You are here: Home > Publications > NCC Publications > Summary of Recommendations

Summary of Recommendations: Problem Solving Justice - The Case for Community Courts in Ireland.

  1. The Council recommends that Community Courts be established in Ireland. The Council further recommends that Community Courts be established as stand alone courts in areas of high population. Community Courts could form part of an ordinary District Court in rural areas where this factor is not present.

  2. The Council recommends that each stand alone Community Court be located in a dedicated building within the geographic area of the community it serves. (p.35, p.38) 2. The Council recommends that the following offences should come within the remit of any Community Courts established in Ireland ¹ (p.38)
    • Drunk in Public: Section 4 – Criminal Justice (Public Order) Act, 1994;
    • Disorderly Conduct – Night Time: Section 5 – Criminal Justice (Public Order) Act, 1994;
    • Disorderly Conduct: Section 5 – Criminal Justice (Public Order) Act, 1994;
    • Threatening/Abusive/Insulting Behaviour: Section 6 – Criminal Justice (Public Order) Act, 1994;
    • Refuse to Give Name: Section 24 (3) – Criminal Justice (Public Order) Act, 1994;
    • Wilful Obstruction: Section 9 – Criminal Justice (Public Order) Act, 1994;
    • Failure to Comply with the Direction of a Member of Garda Síochána: Section 8 – Criminal Justice (Public Order) Act, 1994;
    • Assault: Section 2 – Non-Fatal Offences Against the Person Act, 1997;
    • Criminal Damage: Section 2 – Criminal Damage Act, 1981;
    • Soliciting/Loitering: Sections 7 and 8 – Criminal Law (Sexual Offences) Act, 1993;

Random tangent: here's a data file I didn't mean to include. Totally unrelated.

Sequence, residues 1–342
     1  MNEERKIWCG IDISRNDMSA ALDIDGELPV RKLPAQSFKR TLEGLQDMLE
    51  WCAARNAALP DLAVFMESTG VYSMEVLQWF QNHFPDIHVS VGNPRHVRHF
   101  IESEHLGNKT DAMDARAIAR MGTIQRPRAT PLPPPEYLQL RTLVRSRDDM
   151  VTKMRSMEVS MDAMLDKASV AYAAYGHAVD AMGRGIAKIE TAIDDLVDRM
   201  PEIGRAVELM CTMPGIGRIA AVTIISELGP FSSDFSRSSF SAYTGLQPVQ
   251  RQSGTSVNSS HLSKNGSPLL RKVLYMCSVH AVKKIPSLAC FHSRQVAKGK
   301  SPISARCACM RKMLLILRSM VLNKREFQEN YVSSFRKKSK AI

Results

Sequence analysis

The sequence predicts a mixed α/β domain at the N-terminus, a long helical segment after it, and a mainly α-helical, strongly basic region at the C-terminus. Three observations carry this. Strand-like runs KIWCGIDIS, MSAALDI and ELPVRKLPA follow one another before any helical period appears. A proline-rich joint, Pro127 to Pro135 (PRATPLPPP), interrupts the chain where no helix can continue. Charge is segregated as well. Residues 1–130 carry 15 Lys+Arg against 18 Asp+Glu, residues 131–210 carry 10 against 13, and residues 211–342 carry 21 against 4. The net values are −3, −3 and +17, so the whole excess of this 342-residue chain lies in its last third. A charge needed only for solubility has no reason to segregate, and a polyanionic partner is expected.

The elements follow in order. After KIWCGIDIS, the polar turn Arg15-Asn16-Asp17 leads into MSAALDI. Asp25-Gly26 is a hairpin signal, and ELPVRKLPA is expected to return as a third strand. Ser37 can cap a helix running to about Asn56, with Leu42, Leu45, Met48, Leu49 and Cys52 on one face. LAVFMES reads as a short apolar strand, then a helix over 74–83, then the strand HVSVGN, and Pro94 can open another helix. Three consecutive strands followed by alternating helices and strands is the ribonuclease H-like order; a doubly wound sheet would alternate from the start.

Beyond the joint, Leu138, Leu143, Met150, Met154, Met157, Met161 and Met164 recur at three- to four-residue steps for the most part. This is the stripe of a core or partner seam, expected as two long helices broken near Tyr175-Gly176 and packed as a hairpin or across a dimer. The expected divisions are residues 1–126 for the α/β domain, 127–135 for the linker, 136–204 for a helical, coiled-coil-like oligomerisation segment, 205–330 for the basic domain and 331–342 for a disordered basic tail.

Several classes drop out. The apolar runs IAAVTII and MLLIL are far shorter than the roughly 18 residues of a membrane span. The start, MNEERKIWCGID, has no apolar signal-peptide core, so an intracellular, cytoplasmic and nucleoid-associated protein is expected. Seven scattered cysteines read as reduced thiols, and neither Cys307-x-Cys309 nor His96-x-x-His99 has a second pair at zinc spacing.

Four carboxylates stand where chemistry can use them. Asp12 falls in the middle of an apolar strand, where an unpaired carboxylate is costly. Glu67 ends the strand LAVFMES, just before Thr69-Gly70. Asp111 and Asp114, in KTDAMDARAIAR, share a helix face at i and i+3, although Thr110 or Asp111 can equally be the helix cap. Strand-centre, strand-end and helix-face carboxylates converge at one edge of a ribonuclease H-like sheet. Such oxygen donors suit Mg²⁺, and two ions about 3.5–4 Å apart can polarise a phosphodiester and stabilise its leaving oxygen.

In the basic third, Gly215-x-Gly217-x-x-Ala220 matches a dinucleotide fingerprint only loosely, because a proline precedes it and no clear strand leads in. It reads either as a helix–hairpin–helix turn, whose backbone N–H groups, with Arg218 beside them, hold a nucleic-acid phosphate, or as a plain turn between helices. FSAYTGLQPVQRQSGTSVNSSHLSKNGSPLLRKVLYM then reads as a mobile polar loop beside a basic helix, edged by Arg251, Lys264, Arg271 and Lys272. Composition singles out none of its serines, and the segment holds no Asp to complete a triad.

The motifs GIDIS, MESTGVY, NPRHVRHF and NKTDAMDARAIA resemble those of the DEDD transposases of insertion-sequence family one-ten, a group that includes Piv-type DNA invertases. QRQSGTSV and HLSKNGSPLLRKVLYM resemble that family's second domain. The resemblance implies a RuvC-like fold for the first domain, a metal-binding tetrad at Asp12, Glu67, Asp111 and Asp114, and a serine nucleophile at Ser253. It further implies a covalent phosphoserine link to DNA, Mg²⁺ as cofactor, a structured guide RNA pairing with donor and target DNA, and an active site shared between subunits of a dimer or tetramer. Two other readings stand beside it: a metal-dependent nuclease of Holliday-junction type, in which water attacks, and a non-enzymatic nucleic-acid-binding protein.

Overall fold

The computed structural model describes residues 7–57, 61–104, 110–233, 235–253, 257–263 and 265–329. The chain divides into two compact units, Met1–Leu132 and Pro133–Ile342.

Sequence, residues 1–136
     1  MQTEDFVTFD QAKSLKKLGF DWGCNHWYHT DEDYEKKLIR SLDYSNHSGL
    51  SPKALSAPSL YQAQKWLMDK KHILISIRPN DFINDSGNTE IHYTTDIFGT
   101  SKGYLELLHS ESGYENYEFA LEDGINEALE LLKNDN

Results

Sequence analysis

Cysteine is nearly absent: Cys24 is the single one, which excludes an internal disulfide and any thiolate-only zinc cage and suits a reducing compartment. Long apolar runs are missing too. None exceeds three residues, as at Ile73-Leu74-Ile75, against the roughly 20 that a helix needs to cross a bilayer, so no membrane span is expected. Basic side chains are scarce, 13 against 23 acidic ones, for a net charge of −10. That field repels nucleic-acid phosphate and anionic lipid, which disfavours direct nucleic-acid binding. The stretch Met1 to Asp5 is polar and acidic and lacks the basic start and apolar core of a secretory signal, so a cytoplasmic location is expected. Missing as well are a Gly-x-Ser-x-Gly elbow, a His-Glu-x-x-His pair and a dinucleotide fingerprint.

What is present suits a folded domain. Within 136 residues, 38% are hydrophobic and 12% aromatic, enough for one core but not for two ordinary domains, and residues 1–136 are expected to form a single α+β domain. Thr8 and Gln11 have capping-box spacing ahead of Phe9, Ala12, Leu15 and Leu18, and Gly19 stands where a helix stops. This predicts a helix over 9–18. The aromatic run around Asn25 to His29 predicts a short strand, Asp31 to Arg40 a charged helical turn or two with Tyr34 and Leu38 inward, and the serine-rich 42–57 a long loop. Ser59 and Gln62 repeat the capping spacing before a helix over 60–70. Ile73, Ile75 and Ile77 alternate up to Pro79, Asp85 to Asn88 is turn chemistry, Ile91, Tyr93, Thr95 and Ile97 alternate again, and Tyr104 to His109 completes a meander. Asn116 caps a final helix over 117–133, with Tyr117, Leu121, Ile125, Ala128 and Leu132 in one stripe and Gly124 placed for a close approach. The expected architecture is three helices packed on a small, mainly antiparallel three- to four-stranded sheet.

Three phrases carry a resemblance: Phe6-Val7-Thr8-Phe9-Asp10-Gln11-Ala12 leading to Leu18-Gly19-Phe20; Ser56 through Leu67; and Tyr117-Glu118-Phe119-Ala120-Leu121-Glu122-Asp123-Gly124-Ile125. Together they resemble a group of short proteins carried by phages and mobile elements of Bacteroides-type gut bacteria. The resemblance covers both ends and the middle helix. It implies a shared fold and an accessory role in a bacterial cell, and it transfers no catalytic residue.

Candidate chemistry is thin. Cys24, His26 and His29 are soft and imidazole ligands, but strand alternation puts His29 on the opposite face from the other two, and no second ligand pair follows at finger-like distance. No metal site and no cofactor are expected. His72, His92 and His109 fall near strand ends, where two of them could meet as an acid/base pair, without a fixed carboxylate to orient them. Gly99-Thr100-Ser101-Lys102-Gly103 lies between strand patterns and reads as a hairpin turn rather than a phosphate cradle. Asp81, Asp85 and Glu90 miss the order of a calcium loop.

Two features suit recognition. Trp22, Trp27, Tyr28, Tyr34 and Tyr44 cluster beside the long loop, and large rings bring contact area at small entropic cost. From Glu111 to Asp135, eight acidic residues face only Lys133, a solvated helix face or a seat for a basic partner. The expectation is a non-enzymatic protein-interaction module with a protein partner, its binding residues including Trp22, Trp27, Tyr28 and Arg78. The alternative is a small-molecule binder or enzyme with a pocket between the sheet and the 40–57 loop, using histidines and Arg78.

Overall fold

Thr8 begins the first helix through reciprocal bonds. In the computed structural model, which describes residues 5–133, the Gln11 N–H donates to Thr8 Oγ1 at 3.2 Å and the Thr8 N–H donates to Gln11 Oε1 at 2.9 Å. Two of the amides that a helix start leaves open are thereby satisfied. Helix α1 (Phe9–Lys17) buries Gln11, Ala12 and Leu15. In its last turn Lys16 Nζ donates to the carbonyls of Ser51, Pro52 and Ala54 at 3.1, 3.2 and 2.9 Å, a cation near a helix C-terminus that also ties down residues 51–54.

• Drug Use: Section 3 – Misuse of Drugs Act, 1977;
    • Theft: Section 4 – Theft and Fraud Offences Act, 2001;
    • Handling Stolen Property: Section 17 – Theft and Fraud Offences Act, 2001. Whilst this is not defined in legislation, only offences where the value of the property is less than €1,000 will be dealt with by the Community Court;
    • Illegal Street Trading – Section 2 – Street Trading Act 1926; Section 3 – Casual Trading Act 1980; Section 10 – Non-Fatal (Offences Against the Persons) Act 1997.

    The list is not intended to be exhaustive.

  3. Dublin Community Court
    The Council recommends that a Community Court be established in the inner city of Dublin to deal with ‘quality of life’ offences committed in the Store Street and Pearse Street Garda station catchment areas and, when convincing evidence of its success emerges, Community Courts should be extended to other centres subject to any necessary refinements. (p.39)

  4. The Council recommends that the Dublin Community Court should deal with sufficient cases so as to justify the services it retains. The caseload of the Community Court should be built incrementally, permitting the new court to develop and refine its operating procedures. The Council recommends that the caseload of each Community Court be kept under regular review to ensure that the caseload is a manageable one. (p.40)

  5. The Council further recommends that, as in other jurisdictions, each Community Court should have one, dedicated judge. (p.40)

  6. The Council considers that it is not essential that all of the services, such as drug/ alcohol addiction counselling, be delivered onsite. The Council recommends that these services be delivered on the basis of specific service level agreements with the relevant agencies. (p.40)

  7. Recognising the focus of Community Courts on solving an individual’s problems, the Council recommends that all therapeutic services/programmes which defendants are ordered to complete/participate in, operate within the area of the Dublin Community Court or close to where the defendant lives. This will facilitate participation by those who offend in the city centre area but live in another location. As was seen to be beneficial in other jurisdictions, the Council recommends that there be continued contact between the staff of the Dublin Community Court and the defendant in cases where it is not possible for a defendant to begin his/her programme/addiction counselling immediately following his/her appearance before the Community Court. (p.41)

  8. Assessment
    The Council recommends that a pre court assessment be carried out in all cases. (p.41)